Moon and Mars
A crescent moon appears tonight in the southern sky. The moon is in the zodiacal constellation Libra. Tomorrow night, the moon is even lower, appearing in the constellation Scorpius. The moon is in the first quarter on Sunday night.
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Starry Nights
The Milky Way is especially pretty this time of year. It appears overhead at about 10 p.m., splashed across the sky.
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Late Summer Sky
Tomorrow morning’s last quarter moon rises in the eastern sky at close to midnight. The moon is in the zodiacal constellation Taurus.
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Moon Trumps Meteor Showers
Tonight’s first quarter moon appears in the zodiacal constellation Libra. The moon is low in the southwestern sky after sunset. Tomorrow night, the moon is even farther south and closer to the horizon. The moon will be in the zodiacal constellation Scorpius.
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August Moon and Meteors
The best meteor watching takes place in the nights ahead, but don’t wait. The full moon comes in the second week of August and it is a spoiler.
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Moon and Planets
Early tomorrow morning, the last quarter moon appears near the bright planet Jupiter. You’ll see them rising in the east after midnight tonight. The two are together in the zodiacal constellation Aries. We usually associate Aries with the constellations of autumn. Autumn stars all start showing up in our evening sky for those up after midnight. The moon moves through those stars next week.
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Fisherman’s Moon
Tonight’s full moon appears low in the southeastern sky after sunset. The moon is in the zodiacal constellation Sagittarius and is inching towards the zodiacal constellation Capricornus. The full moon this month is called the fisherman’s moon.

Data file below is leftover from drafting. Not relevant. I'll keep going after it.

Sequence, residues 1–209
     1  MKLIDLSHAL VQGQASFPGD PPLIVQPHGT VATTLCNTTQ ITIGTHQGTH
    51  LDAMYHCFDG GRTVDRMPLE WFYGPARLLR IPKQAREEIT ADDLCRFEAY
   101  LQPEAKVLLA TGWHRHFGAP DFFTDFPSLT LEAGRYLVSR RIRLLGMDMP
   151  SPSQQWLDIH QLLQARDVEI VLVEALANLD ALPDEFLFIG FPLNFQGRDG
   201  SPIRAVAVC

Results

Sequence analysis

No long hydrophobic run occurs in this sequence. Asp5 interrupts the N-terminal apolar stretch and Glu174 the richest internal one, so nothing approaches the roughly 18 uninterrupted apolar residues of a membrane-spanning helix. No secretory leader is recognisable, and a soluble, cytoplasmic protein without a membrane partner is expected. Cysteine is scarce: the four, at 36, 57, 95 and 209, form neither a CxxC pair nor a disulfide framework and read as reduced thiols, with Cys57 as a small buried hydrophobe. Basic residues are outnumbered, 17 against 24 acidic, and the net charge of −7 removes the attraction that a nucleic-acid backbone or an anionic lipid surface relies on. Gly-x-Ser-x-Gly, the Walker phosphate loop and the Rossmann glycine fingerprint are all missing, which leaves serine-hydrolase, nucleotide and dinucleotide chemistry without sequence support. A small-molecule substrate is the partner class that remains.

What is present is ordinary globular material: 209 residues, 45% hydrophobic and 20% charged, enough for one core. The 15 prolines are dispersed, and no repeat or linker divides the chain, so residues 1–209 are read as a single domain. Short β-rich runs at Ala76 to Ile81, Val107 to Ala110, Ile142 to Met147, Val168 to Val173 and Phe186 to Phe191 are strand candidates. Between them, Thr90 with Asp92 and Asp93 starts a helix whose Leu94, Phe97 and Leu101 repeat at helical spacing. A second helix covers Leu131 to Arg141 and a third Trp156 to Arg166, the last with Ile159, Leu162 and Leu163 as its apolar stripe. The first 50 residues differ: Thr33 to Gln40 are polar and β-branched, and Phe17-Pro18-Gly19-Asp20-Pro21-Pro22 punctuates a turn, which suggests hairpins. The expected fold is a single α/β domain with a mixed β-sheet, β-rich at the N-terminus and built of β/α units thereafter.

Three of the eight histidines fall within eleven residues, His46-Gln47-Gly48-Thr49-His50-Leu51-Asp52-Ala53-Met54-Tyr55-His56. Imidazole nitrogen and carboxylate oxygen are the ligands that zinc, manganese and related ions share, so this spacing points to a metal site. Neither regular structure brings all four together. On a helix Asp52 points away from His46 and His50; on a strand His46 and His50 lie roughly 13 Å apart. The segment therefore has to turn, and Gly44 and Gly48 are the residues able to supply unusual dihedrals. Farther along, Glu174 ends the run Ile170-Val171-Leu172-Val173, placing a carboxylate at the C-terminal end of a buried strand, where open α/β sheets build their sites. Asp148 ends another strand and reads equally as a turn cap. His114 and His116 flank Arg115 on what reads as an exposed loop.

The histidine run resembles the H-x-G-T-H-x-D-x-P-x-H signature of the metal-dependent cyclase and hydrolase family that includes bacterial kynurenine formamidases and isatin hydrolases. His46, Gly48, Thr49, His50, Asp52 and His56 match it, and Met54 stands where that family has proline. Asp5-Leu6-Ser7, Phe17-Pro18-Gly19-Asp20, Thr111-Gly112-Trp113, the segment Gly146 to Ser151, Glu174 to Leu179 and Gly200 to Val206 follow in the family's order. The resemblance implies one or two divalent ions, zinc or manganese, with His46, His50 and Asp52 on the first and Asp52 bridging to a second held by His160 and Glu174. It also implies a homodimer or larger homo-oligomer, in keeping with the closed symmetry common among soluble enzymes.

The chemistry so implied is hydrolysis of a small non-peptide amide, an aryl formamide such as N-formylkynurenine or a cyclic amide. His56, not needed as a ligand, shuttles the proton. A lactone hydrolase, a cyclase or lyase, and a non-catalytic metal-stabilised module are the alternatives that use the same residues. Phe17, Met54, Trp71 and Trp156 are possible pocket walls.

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Old Stars
Tonight’s first quarter moon appears in the zodiacal constellation Virgo, near the bright blue star Spica and the ringed-planet Saturn. Use the moon to find Saturn, which appears higher and to the right of the moon. Saturn is not as bright as Spica. It has a yellowish tint which clearly distinguishes it from Spica, one of the night’s brightest stars.
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Sliver Moon Fireworks
A thin crescent moon will hug the southwestern sky on the evening of Monday, July 4. If the weather cooperates, viewers will not only have a great view of a manmade spectacle, but will see the earth’s nearest neighbor before it slips below the horizon.
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Moonless Nights
The last nights of June are mostly moonless. For those who like to look at the stars, this is a wonderful opportunity. The moon won’t interfere until well after 3 a.m.
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